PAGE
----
Front Cell Infect Microbiol. 2022 Jan 21;11:785157. doi: 10.3389/fcimb.2021.785157. eCollection 2021.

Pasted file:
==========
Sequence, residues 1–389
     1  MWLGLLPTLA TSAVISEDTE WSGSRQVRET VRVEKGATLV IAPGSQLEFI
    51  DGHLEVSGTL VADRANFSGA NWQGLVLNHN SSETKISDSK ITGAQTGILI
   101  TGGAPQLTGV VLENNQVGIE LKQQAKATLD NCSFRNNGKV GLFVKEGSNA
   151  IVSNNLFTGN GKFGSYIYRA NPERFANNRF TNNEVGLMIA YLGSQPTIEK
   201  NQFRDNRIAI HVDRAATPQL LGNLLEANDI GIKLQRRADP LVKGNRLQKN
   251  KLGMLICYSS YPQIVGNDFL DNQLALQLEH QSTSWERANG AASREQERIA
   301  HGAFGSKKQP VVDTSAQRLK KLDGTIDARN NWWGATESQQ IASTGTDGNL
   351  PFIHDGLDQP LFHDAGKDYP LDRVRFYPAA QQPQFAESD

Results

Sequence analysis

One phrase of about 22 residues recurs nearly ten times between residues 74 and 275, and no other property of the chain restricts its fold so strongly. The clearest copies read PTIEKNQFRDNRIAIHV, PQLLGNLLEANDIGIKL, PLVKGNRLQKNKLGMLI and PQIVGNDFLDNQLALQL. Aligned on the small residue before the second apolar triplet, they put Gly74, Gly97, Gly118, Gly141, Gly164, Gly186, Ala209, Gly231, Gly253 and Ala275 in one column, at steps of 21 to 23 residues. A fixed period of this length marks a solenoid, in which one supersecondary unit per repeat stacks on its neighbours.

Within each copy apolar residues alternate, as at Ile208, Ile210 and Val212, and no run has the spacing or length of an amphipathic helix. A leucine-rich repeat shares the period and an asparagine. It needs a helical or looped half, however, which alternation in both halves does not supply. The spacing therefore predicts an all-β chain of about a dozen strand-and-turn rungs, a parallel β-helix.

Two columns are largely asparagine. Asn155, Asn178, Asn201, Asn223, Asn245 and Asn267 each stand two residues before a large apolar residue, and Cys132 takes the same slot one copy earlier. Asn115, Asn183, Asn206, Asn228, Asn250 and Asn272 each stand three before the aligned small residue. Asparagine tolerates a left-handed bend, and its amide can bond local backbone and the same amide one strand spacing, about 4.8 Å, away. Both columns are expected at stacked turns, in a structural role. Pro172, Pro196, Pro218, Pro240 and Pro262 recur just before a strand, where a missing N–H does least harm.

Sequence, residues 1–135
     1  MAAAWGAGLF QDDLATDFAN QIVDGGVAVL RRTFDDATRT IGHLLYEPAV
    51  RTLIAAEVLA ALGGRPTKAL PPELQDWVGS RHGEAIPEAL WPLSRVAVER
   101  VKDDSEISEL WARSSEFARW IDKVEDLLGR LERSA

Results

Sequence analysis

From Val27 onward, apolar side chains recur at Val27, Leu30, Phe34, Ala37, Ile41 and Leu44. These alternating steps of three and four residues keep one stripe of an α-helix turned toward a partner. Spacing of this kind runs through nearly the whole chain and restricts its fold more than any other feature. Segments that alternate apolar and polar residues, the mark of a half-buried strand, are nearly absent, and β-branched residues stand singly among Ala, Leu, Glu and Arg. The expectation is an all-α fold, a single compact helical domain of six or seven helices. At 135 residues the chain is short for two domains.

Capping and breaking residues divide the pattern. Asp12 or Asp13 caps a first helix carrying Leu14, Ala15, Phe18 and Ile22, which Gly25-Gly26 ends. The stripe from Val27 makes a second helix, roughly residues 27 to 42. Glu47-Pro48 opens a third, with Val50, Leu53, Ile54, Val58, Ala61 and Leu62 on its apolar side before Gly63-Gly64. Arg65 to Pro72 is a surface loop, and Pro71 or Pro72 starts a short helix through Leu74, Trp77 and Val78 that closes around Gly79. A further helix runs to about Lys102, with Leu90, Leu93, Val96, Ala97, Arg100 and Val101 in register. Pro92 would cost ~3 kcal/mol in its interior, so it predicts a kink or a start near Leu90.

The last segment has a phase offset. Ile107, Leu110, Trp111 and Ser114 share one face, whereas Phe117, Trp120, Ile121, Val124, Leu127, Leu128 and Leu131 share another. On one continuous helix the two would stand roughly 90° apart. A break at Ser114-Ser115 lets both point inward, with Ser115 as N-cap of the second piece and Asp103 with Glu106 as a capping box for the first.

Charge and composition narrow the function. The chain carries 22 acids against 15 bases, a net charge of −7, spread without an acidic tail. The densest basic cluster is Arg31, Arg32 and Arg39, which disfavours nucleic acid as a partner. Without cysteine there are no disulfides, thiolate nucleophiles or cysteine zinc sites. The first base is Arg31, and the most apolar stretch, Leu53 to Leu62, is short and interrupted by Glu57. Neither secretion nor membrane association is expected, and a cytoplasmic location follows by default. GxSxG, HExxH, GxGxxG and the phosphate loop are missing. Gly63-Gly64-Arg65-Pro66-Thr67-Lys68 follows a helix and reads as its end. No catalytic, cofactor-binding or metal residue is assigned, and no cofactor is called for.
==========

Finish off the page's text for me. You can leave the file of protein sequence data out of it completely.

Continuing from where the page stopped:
With population genetic evidence of recombination ongoing in the natural Aspergillus fumigatus population and a sexual cycle demonstrated in the laboratory the question remained what the natural niche for A. fumigatus sex is. Composting plant-waste material is a known substrate of A. fumigatus to thrive and withstand temperatures even up to 70°C. Previous studies have shown indirect evidence for sexual reproduction in these heaps but never directly demonstrated the sexual structures due to technical limitations. Here, we show that flower bulb waste material from stockpiles undergoing composting can provide the conditions for sexual reproduction. Direct detection of ascospore structures was shown in agricultural flower bulb waste material by using a grid-based detection assay. Furthermore, we demonstrate that ascospores can germinate after exposure to 70°C for up to several days in contrast to asexual conidia that are unable to survive a two-hour heat shock. This indicates a sufficient time frame for ascospores to survive and escape composting stockpiles. Finally, sexual crosses with cleistothecium and viable ascospore formation could successfully be performed on flower bulb waste material. Recombination of A. fumigatus can now be explained by active sexual reproduction in nature as we show in this study that flower bulb waste material provides an environmental niche for sex.